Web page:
To gain some insight into the possible molecular basis of the disease correlation, we examined the location and role of the amino acid encoded by codon 620. This residue resides in the P1 proline-rich motif involved in binding to the SH3 domain of Csk (Supplementary Fig. 1 online). The three-dimensional structure of the complex13 shows that the side chain of Arg620 fits into a somewhat acidic depression within the ligand binding cleft of the SH3 domain, where it interacts with a tryptophan (Trp47) of Csk (Supplementary Fig. 1 online). Replacing Arg620 with a tryptophan residue is expected to disrupt this interaction. The side chain of tryptophan is also bulkier and would not fit into the pocket. Indeed, when we expressed amino acids 603–710 of LYP as an S-tagged protein in Escherichia coli, only the Arg620 construct was precipitated by the SH3 domain of Csk (Fig. 1a). Similarly, full-length LYP with Arg620 (allele 1858C) expressed in COS cells was readily precipitated by the Csk SH3 domain, whereas LYP with Trp620 (allele 1858T) was not (Fig. 1b). Full-length LYP with Arg620 and Csk also coimmunoprecipitated (Fig. 1c), and endogenous Csk was readily precipitated from T cells by S-tagged LYP peptide 603–710 with Arg620 but not Trp620 (Fig. 1d). Together, these results indicate that only LYP with Arg620 (allele 1858C) forms a complex with the Csk kinase, whereas LYP with Trp620 (allele 1858T) does not.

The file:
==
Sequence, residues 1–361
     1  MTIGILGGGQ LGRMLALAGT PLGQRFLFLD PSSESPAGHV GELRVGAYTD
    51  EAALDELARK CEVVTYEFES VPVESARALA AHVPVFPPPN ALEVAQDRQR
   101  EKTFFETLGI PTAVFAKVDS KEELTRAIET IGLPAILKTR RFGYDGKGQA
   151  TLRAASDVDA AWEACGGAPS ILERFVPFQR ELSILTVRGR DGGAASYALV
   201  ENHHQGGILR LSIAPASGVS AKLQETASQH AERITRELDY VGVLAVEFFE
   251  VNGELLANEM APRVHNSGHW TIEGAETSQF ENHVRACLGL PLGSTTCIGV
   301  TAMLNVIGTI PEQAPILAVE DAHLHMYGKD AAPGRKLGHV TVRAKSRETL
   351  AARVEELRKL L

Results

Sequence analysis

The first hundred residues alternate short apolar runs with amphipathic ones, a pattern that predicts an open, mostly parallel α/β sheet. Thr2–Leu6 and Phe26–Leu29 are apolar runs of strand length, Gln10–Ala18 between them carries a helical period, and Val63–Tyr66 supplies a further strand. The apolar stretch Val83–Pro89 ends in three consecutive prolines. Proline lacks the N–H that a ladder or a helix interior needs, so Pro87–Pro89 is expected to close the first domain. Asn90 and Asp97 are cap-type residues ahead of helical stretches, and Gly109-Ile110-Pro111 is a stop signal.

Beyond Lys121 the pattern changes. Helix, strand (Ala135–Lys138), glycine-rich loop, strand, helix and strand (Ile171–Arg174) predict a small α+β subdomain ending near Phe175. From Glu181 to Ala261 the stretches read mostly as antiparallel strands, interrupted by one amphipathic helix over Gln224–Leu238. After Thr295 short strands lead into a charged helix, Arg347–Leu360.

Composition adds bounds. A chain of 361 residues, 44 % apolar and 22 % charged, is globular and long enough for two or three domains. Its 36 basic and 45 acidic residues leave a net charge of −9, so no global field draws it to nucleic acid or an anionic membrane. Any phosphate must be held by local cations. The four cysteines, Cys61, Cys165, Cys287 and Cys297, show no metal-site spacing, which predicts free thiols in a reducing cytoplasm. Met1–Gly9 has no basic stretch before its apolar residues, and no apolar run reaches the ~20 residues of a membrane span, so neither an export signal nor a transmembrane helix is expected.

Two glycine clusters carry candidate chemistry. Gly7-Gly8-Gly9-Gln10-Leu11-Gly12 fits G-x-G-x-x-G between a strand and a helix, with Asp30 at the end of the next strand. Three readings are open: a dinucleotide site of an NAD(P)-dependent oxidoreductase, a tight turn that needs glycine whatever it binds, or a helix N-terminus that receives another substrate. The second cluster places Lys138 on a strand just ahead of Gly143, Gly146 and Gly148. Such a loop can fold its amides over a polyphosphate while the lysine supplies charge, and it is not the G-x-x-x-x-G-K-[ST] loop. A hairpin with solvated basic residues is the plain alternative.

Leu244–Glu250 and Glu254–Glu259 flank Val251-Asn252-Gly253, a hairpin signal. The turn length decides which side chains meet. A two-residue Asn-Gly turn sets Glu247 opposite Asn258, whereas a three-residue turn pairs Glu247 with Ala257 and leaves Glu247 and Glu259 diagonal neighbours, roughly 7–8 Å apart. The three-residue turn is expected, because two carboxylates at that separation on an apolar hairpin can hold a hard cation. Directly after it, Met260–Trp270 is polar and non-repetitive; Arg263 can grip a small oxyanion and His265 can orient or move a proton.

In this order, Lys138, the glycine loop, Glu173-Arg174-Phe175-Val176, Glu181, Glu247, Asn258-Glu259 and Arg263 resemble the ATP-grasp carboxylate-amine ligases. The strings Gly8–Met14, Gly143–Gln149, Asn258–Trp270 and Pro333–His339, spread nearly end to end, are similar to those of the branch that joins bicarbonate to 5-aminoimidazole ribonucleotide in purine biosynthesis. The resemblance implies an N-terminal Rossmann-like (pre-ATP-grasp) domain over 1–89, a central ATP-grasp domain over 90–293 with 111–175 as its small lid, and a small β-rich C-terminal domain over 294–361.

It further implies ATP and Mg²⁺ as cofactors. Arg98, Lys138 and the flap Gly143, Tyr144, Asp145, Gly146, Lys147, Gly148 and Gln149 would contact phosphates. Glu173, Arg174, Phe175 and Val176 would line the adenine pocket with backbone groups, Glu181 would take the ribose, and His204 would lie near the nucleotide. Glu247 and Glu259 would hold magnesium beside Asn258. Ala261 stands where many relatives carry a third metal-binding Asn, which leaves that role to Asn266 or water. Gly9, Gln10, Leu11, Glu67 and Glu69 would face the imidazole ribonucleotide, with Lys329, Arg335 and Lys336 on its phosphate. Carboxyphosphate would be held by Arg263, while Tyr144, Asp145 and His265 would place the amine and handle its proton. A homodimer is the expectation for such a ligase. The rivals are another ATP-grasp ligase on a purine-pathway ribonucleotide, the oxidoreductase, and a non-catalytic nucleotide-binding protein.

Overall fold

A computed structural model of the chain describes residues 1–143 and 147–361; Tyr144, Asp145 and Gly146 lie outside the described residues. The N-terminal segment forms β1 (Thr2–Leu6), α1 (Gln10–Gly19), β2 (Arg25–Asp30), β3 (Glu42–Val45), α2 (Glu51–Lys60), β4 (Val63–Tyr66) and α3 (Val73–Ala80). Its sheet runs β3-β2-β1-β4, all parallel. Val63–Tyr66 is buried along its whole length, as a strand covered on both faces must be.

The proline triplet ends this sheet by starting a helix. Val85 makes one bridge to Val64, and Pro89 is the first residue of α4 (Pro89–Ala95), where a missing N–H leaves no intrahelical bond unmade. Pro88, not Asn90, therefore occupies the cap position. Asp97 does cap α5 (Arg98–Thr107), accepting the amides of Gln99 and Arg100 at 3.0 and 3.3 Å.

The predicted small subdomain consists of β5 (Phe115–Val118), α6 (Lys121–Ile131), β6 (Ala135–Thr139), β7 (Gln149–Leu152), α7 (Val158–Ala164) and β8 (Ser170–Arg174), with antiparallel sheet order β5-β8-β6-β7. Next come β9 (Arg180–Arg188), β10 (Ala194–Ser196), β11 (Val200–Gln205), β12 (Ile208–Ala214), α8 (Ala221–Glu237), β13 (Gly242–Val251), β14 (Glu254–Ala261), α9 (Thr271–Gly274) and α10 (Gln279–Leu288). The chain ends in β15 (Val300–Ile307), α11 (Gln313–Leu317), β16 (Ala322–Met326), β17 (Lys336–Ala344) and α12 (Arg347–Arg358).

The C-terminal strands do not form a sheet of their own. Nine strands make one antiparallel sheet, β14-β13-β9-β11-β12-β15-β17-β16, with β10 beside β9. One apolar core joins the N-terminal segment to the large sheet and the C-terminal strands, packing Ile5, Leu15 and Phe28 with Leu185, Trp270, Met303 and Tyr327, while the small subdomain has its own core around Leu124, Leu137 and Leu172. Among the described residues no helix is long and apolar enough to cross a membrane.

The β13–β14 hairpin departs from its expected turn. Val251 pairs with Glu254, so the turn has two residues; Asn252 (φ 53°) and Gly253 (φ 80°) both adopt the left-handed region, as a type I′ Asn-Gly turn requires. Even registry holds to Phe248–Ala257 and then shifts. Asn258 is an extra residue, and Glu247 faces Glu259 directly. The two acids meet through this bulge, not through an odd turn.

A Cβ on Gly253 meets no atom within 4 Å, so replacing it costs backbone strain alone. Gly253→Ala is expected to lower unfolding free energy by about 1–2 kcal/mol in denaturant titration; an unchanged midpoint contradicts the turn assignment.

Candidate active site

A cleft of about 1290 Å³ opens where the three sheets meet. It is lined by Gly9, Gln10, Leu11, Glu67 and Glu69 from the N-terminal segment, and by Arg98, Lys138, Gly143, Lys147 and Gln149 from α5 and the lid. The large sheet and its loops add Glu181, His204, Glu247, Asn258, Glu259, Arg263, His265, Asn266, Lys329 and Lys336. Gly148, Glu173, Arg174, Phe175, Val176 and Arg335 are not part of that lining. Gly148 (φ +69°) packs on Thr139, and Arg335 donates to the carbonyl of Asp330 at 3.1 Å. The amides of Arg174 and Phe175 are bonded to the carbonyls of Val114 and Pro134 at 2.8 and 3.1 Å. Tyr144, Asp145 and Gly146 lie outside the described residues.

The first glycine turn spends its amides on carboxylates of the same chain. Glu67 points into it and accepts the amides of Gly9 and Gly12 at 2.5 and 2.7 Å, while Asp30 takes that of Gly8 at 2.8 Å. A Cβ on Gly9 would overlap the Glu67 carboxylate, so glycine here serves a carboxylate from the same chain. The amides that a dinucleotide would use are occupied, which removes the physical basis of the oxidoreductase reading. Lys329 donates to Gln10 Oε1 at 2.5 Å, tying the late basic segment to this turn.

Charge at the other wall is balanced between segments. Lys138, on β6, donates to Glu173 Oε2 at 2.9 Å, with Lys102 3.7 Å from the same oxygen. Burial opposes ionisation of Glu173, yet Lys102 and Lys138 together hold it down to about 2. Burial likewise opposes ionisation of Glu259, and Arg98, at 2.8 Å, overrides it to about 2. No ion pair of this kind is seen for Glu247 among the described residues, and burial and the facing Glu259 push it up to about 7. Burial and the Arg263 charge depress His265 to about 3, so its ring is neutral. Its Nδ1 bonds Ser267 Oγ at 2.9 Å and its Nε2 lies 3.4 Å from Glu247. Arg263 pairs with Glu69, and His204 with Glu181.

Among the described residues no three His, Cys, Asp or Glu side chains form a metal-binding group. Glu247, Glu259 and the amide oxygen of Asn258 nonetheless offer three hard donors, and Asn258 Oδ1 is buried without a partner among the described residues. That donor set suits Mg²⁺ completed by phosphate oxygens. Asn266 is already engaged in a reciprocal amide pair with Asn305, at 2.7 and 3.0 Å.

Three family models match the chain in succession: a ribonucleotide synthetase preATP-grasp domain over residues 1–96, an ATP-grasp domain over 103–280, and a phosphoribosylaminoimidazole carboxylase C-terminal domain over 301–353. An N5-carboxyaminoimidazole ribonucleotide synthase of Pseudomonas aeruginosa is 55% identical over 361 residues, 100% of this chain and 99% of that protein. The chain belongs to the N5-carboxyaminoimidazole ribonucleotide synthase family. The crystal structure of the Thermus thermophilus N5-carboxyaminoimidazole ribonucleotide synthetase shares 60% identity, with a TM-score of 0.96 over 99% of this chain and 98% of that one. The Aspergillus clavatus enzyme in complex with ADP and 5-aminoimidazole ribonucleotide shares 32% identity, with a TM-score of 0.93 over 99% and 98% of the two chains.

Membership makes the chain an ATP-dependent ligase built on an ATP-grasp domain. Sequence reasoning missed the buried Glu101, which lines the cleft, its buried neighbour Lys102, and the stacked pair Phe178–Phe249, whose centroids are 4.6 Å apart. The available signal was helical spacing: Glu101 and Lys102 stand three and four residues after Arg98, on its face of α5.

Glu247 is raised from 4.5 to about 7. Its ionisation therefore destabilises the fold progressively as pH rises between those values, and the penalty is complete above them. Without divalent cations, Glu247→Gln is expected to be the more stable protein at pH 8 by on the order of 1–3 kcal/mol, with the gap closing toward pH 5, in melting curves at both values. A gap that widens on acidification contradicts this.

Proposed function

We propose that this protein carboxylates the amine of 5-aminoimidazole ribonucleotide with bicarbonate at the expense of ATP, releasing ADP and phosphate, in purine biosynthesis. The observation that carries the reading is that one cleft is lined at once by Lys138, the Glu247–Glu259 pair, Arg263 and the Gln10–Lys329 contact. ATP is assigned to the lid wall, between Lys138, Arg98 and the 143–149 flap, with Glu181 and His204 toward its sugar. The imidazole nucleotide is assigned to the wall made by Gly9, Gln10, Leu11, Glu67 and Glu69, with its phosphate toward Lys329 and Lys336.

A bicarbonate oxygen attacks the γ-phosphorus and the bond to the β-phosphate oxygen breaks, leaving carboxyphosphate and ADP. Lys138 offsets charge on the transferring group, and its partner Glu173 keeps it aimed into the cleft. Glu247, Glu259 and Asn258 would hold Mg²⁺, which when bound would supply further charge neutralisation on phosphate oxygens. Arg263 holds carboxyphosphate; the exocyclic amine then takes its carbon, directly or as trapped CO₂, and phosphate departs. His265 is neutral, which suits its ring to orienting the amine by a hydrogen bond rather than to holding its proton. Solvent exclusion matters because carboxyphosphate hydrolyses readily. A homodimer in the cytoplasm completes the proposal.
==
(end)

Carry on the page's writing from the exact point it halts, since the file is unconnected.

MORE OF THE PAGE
Our findings suggest that a SNP in lymphoid tyrosine phosphatase is part of the complex genetic background of a common autoimmune disease, T1D. The SNP directly disrupts the formation of the LYP-Csk complex, the physiological relevance of which is well documented4,10. The mouse ortholog of LYP (called PEP) did not inhibit T-cell activation in an antigen-specific T-cell hybridoma when Csk association was disrupted by mutation of the P1 motif10. We found that mouse4 as well as human (data not shown) LYP inhibits activation of human Jurkat T cells in a synergistic manner with Csk4. Thus, individuals heterozygous with respect to the PTPN22 allele 1858T may have reduced amounts of LYP-Csk complexes, and homozygous individuals no such complexes. Therefore, hyper-reactive T cells are more prone to mount a destructive immune response against autoantigens after viral infection or other immune stresses.
Note: Supplementary information is available on the Nature Genetics website.
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This work was supported by fellowships from American-Italian Cancer Foundation, Rotary International, Van Beirs Foundation, Centre Anticancéreux près L'Université de Liège, the Spanish Ministry of Education and Culture, and by grants from the US National Institutes of Health.
The authors declare no competing financial interests.
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Bottini, N., Musumeci, L., Alonso, A. et al. A functional variant of lymphoid tyrosine phosphatase is associated with type I diabetes. Nat Genet 36, 337–338 (2004). https://doi.org/10.1038/ng1323